Ever since I turned 18, I started travelling as much as my student budget could allow me. And I noticed that in every single travel I made, there was a regular pattern: I always end up thinking “I must live here forever.”
A very realistic thought, I grant you.
So here are 10 of the cities I would love to live in. I reduced the options here as I am only talking about cities I actually visited and I also took the decision to take out some obvious ones because who wants to read about how amazing the Big Apple is and how so romantic it is to stroll along the Seine river in Paris?
This ranking will obviously be a minefield of clichés as I haven’t experienced anything else but a touristy experience in most of those places, but here we go!
- Mexico City
I actually lived in Mexico City in 2012 and 2013. It is one of my favourite places in the world. A gigantic city that is constantly boiling with cultural events (it is the city with the most museums in the world!), Mexico City offers an amazing lifestyle that cannot possibly have anyone bored. Both its size and the cohabitation of pre-hispanic, colonial and contemporary architectures make the city a beautiful and surreal chaos. And of course, its inhabitants the chilangos entice anybody to want to stick around a bit longer than the original plan.
I have only been to Reykjavik a few days, but the Icelandic capital fascinated me. It is a tiny city and very little populated (121 000 inhabitants, a fair proportion of the country’s 329 000 inhabitants) right by the Atlantic ocean. The streets get crazily animated on weekend nights when the locals go out, and as a tourist I very much enjoyed all the cozy little cafés that sheltered my friends and I from the chilly Icelandic late Summer air. The tall bearded handsome Viking descendants chilling on terraces are also a major plus.
This one is a big cliché, but Rome is so beautiful I wanted to cry at every single corner of it when I was there. It also has that chaotic vibe that I find very appealing, with its lunatic drivers in narrow cobbled streets. The neighbourhood of the Trastevere, full of bars and restaurants, made me want to break into any of the appartments there and just settle down forever, because any Rome view is a glorious view. I am sure living there is a radically different experience than being a tourist, but I have always fancied Southern Europeans to be the best at living life.
Edinburgh is the only place I visited in Scotland but I experienced aesthetical shocks after aesthetical shocks there. It might be dark and rainy most of the year, it only adds up to the Gothic charm of its massive grey stone buildings. There are lovely hikes to be made around the city, to reach Calton Hill or Arthur’s seat and have breath-taking views of the city. It also has great book shops, great beer and great cake – the holy trinity of happiness. It is overall a very inspiring city in which you’d like to eat warm soup and write short stories as a lifestyle.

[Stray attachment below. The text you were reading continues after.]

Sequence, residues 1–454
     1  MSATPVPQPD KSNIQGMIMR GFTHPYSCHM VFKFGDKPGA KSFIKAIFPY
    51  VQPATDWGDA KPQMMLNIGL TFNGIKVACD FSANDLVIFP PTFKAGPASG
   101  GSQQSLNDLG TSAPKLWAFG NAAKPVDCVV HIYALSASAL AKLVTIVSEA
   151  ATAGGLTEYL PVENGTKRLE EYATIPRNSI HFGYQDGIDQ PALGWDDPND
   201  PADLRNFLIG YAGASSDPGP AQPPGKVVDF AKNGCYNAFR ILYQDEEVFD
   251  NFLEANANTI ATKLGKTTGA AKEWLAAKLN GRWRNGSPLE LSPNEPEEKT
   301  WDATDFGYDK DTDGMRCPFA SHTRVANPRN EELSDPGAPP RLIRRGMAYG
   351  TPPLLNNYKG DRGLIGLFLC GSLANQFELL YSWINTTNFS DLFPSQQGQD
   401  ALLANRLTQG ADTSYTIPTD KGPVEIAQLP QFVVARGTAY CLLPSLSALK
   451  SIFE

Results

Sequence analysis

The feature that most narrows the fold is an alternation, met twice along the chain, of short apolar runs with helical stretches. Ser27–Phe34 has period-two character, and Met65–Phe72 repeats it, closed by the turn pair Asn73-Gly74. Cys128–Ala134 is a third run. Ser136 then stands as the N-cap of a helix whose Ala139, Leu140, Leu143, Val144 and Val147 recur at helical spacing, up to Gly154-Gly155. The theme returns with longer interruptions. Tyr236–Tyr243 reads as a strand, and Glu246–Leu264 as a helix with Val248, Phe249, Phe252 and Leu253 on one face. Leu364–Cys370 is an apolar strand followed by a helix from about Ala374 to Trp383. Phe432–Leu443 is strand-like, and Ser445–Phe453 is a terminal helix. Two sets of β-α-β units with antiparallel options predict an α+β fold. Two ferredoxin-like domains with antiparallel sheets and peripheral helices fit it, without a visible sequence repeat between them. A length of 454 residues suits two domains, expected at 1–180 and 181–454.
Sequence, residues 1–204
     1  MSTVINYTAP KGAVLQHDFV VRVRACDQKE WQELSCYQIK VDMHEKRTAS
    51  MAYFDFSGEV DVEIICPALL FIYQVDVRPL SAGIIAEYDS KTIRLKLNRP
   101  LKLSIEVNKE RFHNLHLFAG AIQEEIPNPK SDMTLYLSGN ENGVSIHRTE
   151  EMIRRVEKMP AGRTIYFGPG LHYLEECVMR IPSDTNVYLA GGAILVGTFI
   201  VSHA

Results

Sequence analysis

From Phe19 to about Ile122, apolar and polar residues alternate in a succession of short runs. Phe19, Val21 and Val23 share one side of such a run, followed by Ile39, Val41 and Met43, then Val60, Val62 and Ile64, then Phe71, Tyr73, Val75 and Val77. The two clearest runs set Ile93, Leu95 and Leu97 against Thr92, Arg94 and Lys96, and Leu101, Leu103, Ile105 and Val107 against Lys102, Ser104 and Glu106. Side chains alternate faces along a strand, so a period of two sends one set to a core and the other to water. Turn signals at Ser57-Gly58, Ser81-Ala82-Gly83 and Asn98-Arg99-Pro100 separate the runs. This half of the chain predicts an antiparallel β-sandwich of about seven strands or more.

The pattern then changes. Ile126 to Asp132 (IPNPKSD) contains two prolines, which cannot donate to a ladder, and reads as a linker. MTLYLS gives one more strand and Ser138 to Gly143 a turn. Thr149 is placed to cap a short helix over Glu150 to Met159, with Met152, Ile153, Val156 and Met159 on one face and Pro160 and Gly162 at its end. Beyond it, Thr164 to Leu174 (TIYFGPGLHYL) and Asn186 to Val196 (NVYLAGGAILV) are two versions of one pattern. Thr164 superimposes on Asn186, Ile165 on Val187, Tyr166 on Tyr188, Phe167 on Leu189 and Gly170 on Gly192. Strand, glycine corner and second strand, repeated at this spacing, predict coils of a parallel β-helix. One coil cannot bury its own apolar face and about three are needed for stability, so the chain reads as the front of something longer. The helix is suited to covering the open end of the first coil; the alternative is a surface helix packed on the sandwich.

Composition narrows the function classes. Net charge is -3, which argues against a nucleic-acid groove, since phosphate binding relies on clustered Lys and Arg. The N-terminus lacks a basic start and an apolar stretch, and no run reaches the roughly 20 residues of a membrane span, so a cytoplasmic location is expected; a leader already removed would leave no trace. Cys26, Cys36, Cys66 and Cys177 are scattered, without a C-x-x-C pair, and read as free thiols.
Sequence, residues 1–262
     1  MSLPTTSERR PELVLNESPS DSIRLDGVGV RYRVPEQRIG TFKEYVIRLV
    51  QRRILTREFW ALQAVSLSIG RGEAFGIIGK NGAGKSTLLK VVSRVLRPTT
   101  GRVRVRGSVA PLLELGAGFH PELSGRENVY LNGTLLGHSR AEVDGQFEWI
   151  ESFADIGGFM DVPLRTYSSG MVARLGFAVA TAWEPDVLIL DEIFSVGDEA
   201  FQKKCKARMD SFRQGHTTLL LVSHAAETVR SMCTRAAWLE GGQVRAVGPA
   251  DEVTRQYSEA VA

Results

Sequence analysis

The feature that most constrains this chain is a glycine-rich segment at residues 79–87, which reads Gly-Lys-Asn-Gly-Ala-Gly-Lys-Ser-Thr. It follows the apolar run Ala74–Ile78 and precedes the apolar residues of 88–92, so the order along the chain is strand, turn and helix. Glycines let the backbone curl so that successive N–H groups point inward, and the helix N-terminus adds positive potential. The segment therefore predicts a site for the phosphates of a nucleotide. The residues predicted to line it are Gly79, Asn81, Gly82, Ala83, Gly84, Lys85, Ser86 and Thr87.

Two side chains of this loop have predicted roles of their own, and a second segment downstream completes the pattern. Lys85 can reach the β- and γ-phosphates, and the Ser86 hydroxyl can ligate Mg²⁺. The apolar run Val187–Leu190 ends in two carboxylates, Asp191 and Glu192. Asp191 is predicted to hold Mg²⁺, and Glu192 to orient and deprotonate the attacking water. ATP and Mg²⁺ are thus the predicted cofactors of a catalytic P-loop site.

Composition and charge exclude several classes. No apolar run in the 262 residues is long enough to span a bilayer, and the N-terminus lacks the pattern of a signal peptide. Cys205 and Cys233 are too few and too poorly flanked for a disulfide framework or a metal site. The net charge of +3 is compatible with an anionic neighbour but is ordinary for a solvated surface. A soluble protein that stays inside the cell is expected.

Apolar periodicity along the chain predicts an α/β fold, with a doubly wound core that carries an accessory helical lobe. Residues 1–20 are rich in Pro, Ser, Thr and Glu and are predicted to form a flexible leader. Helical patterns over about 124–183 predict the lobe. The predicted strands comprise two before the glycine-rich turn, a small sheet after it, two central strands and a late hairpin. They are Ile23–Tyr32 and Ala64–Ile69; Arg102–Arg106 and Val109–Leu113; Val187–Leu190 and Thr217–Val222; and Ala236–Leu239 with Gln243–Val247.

I lived in Rennes for three and a half scattered years as it is where my Alma Mater is. Appart from my home village, this is the place I have lived in for the longest time. So I don’t think I would live there again, but I sometimes wish I always had a foot there. Rennes is ridiculously charming. A student town, it has kept most of its medieval part intact which makes going out to the restaurant, the café, or – more commonly there – the bar, a very quaint experience. The music scene is also very much active in the Breton capital and nights out there are an absolute crazy delight. Because it is not so much of a touristy place in France, it has managed to keep its raw character.
I visited Guanajuato for a couple of days less than a year ago, and I have never seen such a colourful place. It is probably one of the most gorgeous Mexican cities, with its colonial architecture and painted houses. It is full of students, wonderfully sunny, peaceful, luminous and there were art performances at all times on the streets. It felt like an ideal place.
What made me want to live in Amsterdam when I visited it were the houses. The architecture is absolutely lovely and the whole place oozes cosiness. Everybody circulates in giant bicycles (I almost got run over by those on multiple occasions), they have incredible coffee places. As always, cake, beer, culture, book shops.
I truly did not expect Pisa to be such a nice place where I would ever consider living, but when my friend and I spent a few days there, it was absolutely glorious. Beyond the leaning tower area and its whole lot of tourists, the city is beautiful and welcoming. However, we spent two whole days exclusively eating ice cream and smoking cigarettes while sitting on a bench, which might not be a very sustainable lifestyle.
I am saying Berkeley here because realistically, I will never ever afford to live in San Francisco.
10. New Orleans
The music! The marching bands! The overall chaos and the beauty of the city’s architecture made it really attractive to me. It is one of those very unique places in the United States with a strong identity of its own.
You can check my travel pictures here so that you too can decide to live in 100 places at the same time.